However, we do not need to raise this issue because a more nuanced understanding of aggadic drashot reveals that they are not based on the actual spelling of the words.

...

Thus, the textual variants we find in aggadic midrashim do not necessarily reflect different versions of the Bible. They reflect the homiletic license that is typical of this literary genre. Some rishonim did not understand it this way.

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There is a book called Fixing God's Torah, Barry Levy. It deals with this Rashba. There is a Rebbi Akiva Aiger in Masechet Shabbat (55B) where he has a list of such issues. Also note, in the examples given above, they are letters that the gemara (Kiddushin 30A) says "we are not expert in full and defective spelling" i.e. the use of the vav. The yud is more problematic but is nonetheless a silent letter. Also see in the back of the final volume of Torat Hayim, Mossad HaRav Kook, there is a short list of variants between torahs.

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MordechaiRockover, welcome to the site and thank you for the information. I hope you stick around and enjoy the site. –  msh210 Nov 15 '11 at 17:42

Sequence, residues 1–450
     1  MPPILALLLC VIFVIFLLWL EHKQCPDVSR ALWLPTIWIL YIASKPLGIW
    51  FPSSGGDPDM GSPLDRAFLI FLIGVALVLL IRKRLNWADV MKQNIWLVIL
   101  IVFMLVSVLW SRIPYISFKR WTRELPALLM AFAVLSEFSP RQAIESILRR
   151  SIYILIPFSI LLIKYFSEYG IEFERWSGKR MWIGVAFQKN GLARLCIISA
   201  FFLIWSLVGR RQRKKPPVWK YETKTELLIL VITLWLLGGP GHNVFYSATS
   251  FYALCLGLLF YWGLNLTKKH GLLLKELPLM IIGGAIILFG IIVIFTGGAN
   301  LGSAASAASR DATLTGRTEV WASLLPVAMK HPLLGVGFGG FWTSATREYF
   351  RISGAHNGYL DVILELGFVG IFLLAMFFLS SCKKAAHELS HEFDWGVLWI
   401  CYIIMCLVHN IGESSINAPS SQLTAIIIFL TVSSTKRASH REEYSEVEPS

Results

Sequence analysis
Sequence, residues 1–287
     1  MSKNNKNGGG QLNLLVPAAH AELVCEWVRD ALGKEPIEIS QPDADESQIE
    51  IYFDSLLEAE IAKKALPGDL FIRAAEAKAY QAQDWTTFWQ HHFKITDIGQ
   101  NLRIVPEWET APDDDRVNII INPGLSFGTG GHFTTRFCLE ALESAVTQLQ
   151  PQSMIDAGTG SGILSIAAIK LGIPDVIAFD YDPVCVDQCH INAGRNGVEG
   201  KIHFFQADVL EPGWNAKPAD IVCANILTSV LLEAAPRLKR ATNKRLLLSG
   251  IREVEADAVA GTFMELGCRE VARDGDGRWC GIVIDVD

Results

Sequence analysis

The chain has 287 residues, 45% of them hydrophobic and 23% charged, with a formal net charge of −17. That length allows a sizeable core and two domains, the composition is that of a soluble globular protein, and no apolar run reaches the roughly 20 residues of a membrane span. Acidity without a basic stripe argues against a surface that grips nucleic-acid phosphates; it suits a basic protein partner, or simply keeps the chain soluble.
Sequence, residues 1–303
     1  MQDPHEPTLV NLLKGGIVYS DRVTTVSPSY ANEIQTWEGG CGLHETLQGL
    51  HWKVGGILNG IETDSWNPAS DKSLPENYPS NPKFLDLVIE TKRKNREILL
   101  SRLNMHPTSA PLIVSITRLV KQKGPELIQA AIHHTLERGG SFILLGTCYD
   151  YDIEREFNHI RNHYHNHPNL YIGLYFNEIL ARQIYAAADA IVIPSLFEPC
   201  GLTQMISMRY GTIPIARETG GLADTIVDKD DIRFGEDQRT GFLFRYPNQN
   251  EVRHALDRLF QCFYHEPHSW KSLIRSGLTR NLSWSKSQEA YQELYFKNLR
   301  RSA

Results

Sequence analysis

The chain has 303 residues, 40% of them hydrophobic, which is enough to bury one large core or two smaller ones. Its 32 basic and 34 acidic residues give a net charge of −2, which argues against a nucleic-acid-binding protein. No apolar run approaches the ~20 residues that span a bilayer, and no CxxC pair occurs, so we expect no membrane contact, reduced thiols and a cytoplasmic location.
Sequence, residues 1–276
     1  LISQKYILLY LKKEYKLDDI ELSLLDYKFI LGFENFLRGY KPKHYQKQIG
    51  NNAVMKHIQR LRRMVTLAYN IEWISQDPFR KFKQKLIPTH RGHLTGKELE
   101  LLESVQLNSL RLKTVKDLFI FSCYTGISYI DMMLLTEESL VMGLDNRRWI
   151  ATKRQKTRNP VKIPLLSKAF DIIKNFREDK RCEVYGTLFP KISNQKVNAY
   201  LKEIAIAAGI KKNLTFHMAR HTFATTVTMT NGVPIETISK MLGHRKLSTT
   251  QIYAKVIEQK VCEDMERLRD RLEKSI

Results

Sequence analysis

i should also point out that the most interesting thing on shabbat 55b is the tosafot there: "our sha"s argues on our sefarim". מעבירם כתיב. הש״ס שלנו חולק על ספרים שלנו –  moses Apr 22 '12 at 23:28
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Rashi's text is not necessarily better than ours. More problematic is the couple of places where its clear that the gemara has a slightly different text than we do. (For example, in Mes. Sukkah the Gemara has a different number of 'vavs' in "sukkos".) Most, if not all, of the rishonim who discuss this issue say the text of the Torah should be changed to match the Gemara's, but no one followed that.

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for example, the Radvaz mentioned in this answer says that when the Rabbis cite a different spelling of the Torah than the one we have, they are more correct, otherwise we follow the tradition we have presently. (It may be that he is not saying we should change the text, but rather we don't negate the teaching just because it is based on a different version of the word than the one we have): judaism.stackexchange.com/questions/9633/… –  Menachem Nov 15 '11 at 15:39
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The article in my answer says: Tosafot in Shabbat 55b said that the Gemara's version of the Bible was different than the textus receptus because the Gemara had מעבירים chaser while the textus receptus has it yeter. However, Rashba (Responsa Attributed to Ramban, 232) wrote that we shouldn't revise our biblical texts based on aggadic midrashim. Similarly, Rashbatz (Tashbetz 3:160)wrote, "We do not rely on aggadic midrashim to correct the texts." Even though we aren't experts in chaser and yeter, we still can't be sure that these midrashim were doing anything more than loosely reading the text. –  Menachem Nov 15 '11 at 16:13
    
@Menachem Worth emphasizing that the Rashba you quote there says not to change for aggadic midrashim, but yes to change for halachik midrashim. –  Double AA Aug 23 '13 at 5:18